I believe Nas said it best in his song and my former jam, I Know I Can, when he stated “Watch the company you keep and the crowds you bring, cus they came to do drugs and you came to sing”. Ok maybe I’m reaching, but when you think about it, it is partially accurate. You are the summation of the individuals you spend the most time around, so if you surround yourself with positive, ambitious, achieving individuals, their ways will inevitably influence you to be the same and vice versa.
In that same regard, your friends can be great career resources for you when you are searching for a new job. Each will have their own career with their own network of individuals that they have amassed from their current and previous companies, making just five friends a possibly vast matrix of connections to companies, employers and opportunities.
So at your next happy hour, instead of just talking about relationships, entertainment and everything else, take a minute to let it be known you’re looking for a new position and to ask for some assistance in the form of them reaching out to people they know who may be great for you to speak with.
Many of us tend to forget that our family members have actual lives outside of prying into ours. More importantly, in those lives they have, they have careers, which are often more established than ours as they have years of experience over us and may have a friend or a daughter of a friend or a former employer, who may the exact person that you need to be reaching out to for an interview.
Start taking the time to share your career interests with your family members and ask for help. If all else fails, you can always use the good old family guilt to get them to introduce you to their professional network.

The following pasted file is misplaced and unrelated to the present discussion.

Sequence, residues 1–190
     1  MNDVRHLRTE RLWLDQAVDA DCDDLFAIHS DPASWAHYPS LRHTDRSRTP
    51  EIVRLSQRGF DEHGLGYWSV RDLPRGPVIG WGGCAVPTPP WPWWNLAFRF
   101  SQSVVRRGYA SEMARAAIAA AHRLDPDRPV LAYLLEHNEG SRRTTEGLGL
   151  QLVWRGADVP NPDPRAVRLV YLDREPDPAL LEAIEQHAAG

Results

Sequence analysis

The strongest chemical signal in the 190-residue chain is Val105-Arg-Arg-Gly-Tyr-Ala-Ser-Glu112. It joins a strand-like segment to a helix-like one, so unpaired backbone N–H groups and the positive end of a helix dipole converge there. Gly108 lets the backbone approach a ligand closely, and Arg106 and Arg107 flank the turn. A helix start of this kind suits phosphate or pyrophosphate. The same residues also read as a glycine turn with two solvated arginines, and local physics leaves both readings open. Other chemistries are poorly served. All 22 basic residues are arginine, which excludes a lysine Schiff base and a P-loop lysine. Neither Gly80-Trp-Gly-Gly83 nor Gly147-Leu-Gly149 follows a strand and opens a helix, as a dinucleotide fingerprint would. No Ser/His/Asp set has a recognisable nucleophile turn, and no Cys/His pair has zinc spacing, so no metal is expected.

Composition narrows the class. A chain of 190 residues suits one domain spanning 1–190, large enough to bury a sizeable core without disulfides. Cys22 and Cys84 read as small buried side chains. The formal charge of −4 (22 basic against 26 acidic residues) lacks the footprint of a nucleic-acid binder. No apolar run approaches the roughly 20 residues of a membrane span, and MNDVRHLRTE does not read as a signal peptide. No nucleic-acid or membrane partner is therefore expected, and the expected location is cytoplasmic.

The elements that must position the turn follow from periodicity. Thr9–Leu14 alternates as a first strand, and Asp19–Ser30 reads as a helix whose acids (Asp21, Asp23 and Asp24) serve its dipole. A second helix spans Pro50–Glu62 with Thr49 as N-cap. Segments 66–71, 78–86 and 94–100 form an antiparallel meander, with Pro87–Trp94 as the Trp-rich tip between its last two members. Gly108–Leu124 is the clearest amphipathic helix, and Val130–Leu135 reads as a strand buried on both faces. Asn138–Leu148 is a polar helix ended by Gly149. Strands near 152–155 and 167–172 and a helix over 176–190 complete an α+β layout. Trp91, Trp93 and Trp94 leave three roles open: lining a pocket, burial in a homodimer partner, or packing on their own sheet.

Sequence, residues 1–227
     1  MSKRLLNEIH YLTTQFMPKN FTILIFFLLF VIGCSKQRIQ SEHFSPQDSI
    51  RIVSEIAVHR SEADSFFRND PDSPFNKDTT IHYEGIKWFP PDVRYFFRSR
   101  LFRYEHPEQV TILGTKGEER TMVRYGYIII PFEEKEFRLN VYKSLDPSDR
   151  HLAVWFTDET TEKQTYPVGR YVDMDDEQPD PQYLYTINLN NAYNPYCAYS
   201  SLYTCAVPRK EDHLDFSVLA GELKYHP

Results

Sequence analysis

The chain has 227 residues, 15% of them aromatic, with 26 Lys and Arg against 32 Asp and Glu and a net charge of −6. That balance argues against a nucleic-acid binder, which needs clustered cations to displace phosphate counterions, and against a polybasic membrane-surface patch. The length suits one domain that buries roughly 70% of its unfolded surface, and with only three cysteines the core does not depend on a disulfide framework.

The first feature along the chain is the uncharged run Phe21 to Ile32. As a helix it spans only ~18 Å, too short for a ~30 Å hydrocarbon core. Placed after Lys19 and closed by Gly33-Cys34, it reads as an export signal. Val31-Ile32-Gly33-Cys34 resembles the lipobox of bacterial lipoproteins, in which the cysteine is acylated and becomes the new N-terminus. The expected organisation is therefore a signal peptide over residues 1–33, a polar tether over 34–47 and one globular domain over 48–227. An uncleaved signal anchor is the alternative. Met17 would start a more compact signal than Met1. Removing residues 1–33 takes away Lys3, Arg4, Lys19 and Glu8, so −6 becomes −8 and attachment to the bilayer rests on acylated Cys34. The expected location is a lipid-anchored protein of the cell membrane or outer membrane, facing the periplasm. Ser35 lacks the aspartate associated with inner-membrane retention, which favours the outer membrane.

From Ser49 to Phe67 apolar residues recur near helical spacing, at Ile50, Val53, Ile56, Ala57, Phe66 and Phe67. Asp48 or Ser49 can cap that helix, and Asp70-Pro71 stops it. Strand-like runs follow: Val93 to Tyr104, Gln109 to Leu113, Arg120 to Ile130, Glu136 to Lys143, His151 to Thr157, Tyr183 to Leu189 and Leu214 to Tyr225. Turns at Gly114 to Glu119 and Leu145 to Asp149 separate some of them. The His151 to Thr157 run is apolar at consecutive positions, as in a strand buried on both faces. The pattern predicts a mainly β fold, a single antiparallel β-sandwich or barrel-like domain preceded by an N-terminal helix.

Your Alma Mater’s Alumni Network
You’d be surprised how much your degree can actually help you in finding a job. Yes, everyone has one nowadays, but what they don’t have is one from your specific college, which provides you access to your own pool of potential mentors or advocates. I can’t tell you how many times I’ve went on interviews and the first thing the interviewer says to me is ” I noticed you went to so and so, I/my cousin/my neighbor went there too”.
As human beings, we tend to gravitate towards the familiar, and what is more familiar in the professional world than someone who went to the same college as you. These employers like to assume that you therefore may be as well-prepared for hard work as your college made them, which may make them feel more inclined to take a chance on you.
Never overlook checking out your alumni network via your school’s website and seeing if anyone who may have graduate before you holds a position at a company you’d love to work for. A simple e-mail to that person stating your career interests and asking for some of their time to pick their brains on their experience can open the communication channels and turn things in your favor.
National Urban League. New York Young Professionals. National Association of Black Engineers. National Association of Black Journalists.
There is literally a national black association for almost any industry, including accountants, teachers, non-profits and on and on and on. Check online for an association that caters to your interests and needs and join their community. Engage in their online groups. Attend their offline events. Network with other members.
You may meet an experienced industry vet who would be more than happy to spare some of their time and help guide you in the right direction. People love helping people who help themselves and are passionate. Let your personality shine through and compel those around you to feel motivated to assist.
As a last note, aside from family and friends, DO NOT ask anyone else to help you get an interview. It is not in the best taste professionally and turns off many individuals, particularly those who do not know you well and may not want to put their professional reputation on the line for you when they aren’t too familiar with your work.
What you should do instead, is reach out and ask for an informational interview, where you can ask them questions about how they arrived at their current position, what their career path was like and share with them your career aspirations. If you ask insightful questions, do your research and come off as well-prepared and pleasant, more often than not, people will volunteer to connect you with others and suggest positions at their company that may be the right fit for you.